Sunday, April 16, 2006

Conferencing

Conference on World Affairs - Boulder, April 10 - 14

Having hosted the conference for its 58th year, this is something the University of Colorado can be proud of. When a student, I used to go see some of the speakers and panelists invited to address a variety of subjects, both serious and whimsical. The most memorable speaker from my youth Norman Thomas, considered the father of American socialism. He had an impact upon my parentally induced Republican mind set. You might want to go to the above bio link to get a sense of his significance. For example:

"A pacifist, Thomas believed that the First World War was an 'immoral, senseless struggle among rival imperialisms'. His brother shared his views and went to prison for resisting the draft. Thomas joined with Abraham Muste, Scott Nearing and Oswald Garrison Villard to form the Fellowship of Reconciliation (FOR). In 1917 Thomas, Crystal Eastman and Roger Baldwin established the National Civil Liberties Bureau (NCLB).

"In 1918 he founded and edited the World Tomorrow and two years later joined with Jane Addams, Elizabeth Gurley Flynn and Upton Sinclair to establish the American Civil Liberties Union. As well as being associate editor of the Nation (1921-22), he was co-director of the League of Industrial Democracy (1922-37) and a frequent contributor to its journal, The Unemployed (1930-32)."

When I heard Thomas speak, he must've been in his 70s. He was one of those people who spoke with a clarity of both heart and mind. I knew I was in the presence of a significant person. We could use him now.

Liberty vs Security

I didn't know Norman Thomas helped found the ACLU. On Wednesday, it was fitting for me to listen to the current President of the ACLU, Anthony Romero, give a keynote address in the same auditorium in which I heard Mr. Thomas nearly five decades before. Romero also struck me as a man of both conviction and compassion. In fact, I just reached for the invitation to join the ACLU that's been resting at the back of my tickler file for several months. (The ACLU membership has increased dramatically under Herr Bush.)

Mr. Romero said the greatest achievement of his tenure as the ACLU head was to have two ACLU attorneys file a Freedom of Information Request that obtained 100,000 pages of US documents related to torture under the Torquemada inspired BushCo regime. Thankfully, he cited only a few of the "mild" techniques conducted in the name of democracy and freedom. One was soaking a victim's hands in alcohol and setting them afire. Not quite the low key torture described by von Rumsfeld -- rather, it serves as war crimes evidence.

Homeland (In)Security

This panel discussion was worthwhile if only for the clear contrast between the Nazis and progressives. Gordon Adams and Kim Thachuk spoke about the pointlessness of hyping fear in the name of terrorism, while Robert Kaufman and Jim Woolsey (ex-CIA Director and rodent-like supporter of all things BushCo) strove to keep us very afraid while applauding preemptive attacks.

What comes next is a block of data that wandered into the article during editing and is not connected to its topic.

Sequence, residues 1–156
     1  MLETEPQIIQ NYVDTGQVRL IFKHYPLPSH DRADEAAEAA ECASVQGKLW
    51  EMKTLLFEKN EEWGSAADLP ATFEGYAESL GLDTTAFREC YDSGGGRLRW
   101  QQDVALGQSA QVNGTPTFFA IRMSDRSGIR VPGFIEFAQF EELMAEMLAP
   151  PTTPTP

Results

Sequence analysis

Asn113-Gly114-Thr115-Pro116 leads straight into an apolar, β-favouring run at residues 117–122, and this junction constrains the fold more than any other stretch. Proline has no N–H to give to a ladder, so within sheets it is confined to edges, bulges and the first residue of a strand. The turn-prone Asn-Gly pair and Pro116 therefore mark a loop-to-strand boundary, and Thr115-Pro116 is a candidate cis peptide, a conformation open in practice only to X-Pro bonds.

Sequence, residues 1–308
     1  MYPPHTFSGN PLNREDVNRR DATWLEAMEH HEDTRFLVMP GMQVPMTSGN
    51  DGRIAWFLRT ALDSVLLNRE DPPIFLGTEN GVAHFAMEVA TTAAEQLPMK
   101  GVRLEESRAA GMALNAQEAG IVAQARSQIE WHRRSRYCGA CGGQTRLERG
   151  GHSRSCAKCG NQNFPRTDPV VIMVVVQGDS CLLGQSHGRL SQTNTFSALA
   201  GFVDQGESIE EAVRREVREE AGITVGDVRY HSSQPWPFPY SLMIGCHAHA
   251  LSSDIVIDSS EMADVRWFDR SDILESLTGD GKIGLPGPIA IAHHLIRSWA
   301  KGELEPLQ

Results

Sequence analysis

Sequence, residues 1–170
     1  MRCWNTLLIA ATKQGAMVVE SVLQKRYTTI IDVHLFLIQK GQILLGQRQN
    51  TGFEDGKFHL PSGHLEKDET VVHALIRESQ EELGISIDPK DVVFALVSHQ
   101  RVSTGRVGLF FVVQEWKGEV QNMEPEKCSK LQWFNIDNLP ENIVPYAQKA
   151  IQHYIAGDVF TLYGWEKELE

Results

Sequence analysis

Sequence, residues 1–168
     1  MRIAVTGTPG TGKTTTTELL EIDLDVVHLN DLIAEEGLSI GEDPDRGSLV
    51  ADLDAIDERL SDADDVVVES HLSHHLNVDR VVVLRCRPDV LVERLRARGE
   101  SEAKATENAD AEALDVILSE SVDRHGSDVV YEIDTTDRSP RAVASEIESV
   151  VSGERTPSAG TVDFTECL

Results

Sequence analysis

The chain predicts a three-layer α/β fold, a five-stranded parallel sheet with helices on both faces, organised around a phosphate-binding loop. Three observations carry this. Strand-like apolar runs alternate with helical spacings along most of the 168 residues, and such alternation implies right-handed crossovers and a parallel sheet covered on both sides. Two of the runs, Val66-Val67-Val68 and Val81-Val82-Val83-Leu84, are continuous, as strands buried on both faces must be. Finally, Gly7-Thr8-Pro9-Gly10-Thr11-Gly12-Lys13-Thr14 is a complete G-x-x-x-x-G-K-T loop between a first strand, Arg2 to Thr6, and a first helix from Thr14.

Playing the Game -- National Culture and Superpower Politics

This was, for me, an intriguing presentation by Simon Hoggart who writes for the Guardian and Spectator. His quick British wit brought a different light to a heavy subject. For starters, he passed out a poem, Vitai Lampada, by Sir Henry Newbolt. It was written in 1897 at the time of the Boer War.

By good fortune, I sat next to a British expatriate of greater vintage than me. He started to look at the poem we were sharing and said, "Oh, I know this by heart . . . I learned it as a boy."

Cleverly, Hoggart spoke of the British empire at the time the poem was written and, by implication, related it to the American empire and how all things pass. Each stanza of the short poem ended with the encouragement -- when under athletic or military duress -- to "'Play up! play up! and play the game!'" By the time Hoggart got to discussing the last stanza, he ended by saying, "Of course, we know this is all horseshit." This struck both me and the Ex-Brit beside me as quite hysterical.

Philosophies of Peace and Just Wars

This was the best panel discussion I attended. The panel was diverse, passionate, intelligent and empathetic to one another. Jacob Gelt Dekker, an entrepreneur/philanthropist from the Netherlands was adamant that there was no excuse for war. The other panelists weren't so sure.

Sue Swenson is an advocate for the disabled and has an impressive resume. She had a statistic that was new to me. Because of the body armor now worn by soldiers, she said that for every military death in Iraq, 12 to 16 wounded soldiers suffer permanent disabilities (e.g. lost limbs). By my figuring, that would be about 35,000 men and women.

Jim Smith, a retired brigadier general, pleasantly surprised me. After 9/11, he read the Quran through in order to better understand Muslims. And during the discussions, he frequently stressed the importance of diplomacy and understanding the points of view of others.

I particularly was intrigued by Achim Koddermann, who teaches philosophy at the State University of New York in Oneonta. His grasp of history was impressive. In answering a question from the audience, he agreed that a UN failing is the emphasis on the importance of sovereignty and the use of the Security Council as a kind of escape valve for sovereign nations to get their way.